China will be the world’s largest contributor to refined production growth through to the end of 2020, according to the ICSG.
According to the latest copper forecast from the International Copper Study Group (ICSG), China is set to remain the world’s top contributor to world refined production growth to the end of 2020.
In its copperforecast for 2019 and 2020, the ICSG says it expects world mine production to remain generally unchanged this year from 2018’s 2.5 percent increase; growth in 2020 is set for 1.9 percent.
This year’s forecast factors in additional output from the start up of First Quantum Minerals’ (TSX:FM,OTC Pink:FQVLF) Cobre Panama project, the expansion of Southern Copper’s (NYSE:SCCO) Toquepala mine and some small- to medium-sized mines going into commissioning.
However, the ICSG expects that growth to be balanced by regulatory and taxation issues set to impact Zambian output and a “significant” decline in Indonesian output. The numbers for 2020 are based on extra supply from mines and expansions set to begin this year, along with a boost in Indonesian output.
As for global refined production, the ICSG indicates growth of 2.8 percent this year and 1.2 percent in 2020. The study group attributes 2020’s subdued growth to expected tightness in concentrate availability.
While production will see a small hit this year from planned maintenance shutdowns in China and Europe and smelter operational issues in Chile and Zambia, expanded electrolytic capacity in China and the ramp up of electrowinning output in the Democratic Republic of Congo will offset these factors.
The ICSG also notes that world secondary production from scrap is expected to recover over this year and next following a small decline in 2018.
World apparent refined usage is also set to increase by 2 percent this year and 1.5 percent in 2020, with the study group citing copper’s essentialness to economic activity, infrastructure development in major countries and the clean energy movement.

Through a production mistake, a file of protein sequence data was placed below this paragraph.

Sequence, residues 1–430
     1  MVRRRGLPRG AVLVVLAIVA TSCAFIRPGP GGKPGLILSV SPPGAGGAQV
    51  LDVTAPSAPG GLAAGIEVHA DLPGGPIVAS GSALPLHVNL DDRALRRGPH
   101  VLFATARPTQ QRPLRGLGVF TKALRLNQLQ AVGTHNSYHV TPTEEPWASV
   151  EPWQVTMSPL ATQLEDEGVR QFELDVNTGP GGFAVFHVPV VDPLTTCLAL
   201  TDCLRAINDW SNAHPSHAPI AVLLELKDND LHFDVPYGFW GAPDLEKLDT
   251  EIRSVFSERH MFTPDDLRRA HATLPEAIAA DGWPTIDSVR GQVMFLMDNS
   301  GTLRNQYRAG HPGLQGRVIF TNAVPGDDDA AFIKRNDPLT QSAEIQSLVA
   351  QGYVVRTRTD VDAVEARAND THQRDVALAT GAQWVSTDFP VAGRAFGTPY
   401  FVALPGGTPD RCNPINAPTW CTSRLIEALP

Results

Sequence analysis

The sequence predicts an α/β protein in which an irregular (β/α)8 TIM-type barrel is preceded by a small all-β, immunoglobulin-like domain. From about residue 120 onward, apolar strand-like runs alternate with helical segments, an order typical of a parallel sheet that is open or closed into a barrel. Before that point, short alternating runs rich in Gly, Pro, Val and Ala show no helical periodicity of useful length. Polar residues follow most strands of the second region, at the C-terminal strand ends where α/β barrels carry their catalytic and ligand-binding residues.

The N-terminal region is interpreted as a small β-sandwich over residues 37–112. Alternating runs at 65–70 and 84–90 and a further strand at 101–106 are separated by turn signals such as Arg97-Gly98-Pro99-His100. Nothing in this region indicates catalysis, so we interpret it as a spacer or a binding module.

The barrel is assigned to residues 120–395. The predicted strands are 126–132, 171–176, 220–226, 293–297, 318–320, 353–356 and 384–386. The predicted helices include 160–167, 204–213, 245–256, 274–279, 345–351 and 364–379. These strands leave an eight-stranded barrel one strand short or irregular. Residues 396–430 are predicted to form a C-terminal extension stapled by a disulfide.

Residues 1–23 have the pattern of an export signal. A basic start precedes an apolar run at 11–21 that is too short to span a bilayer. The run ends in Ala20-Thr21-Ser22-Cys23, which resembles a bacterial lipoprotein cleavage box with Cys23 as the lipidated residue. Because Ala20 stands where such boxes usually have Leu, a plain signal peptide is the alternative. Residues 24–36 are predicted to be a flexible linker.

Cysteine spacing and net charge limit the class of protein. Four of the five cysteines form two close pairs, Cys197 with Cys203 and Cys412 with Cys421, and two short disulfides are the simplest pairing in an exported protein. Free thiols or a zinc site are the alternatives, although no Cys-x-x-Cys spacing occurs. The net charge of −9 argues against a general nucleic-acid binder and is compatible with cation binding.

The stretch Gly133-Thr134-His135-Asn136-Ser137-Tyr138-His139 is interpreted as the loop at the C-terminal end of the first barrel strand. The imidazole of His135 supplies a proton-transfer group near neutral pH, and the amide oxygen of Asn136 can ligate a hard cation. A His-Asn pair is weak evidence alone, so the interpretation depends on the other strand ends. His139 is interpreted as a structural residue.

On the flipside, however, the growth of world refined copper usage is expected to see an “adverse impact” from a slowdown in world economic growth this year and next.
The study group also touches on a hot button issue within the copper space as of late: the potential supply deficit. According to the ICSG, projections indicate a deficit in world refined copper of approximately 190,000 metric tonnes this year and 250,000 metric tonnes in 2020; 2019’s deficit had been previously docketed at 65,000 metric tonnes in the group’s October 2018 meeting.
However, the study group also acknowledges that “unforeseen developments” could shift actual outcomes away from its predicted numbers.
“ICSG recognizes that global market balances can vary from those projected owing to numerous factors that could alter projections for both production and usage, namely the current US-China trade issues (and the) strength of the global economy, especially the Chinese,” the report reads.
As of May 10, copper was trading at US$6,135 per tonne on the London Metal Exchange.
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Securities Disclosure: I, Olivia Da Silva, hold no direct investment interest in any company mentioned in this article.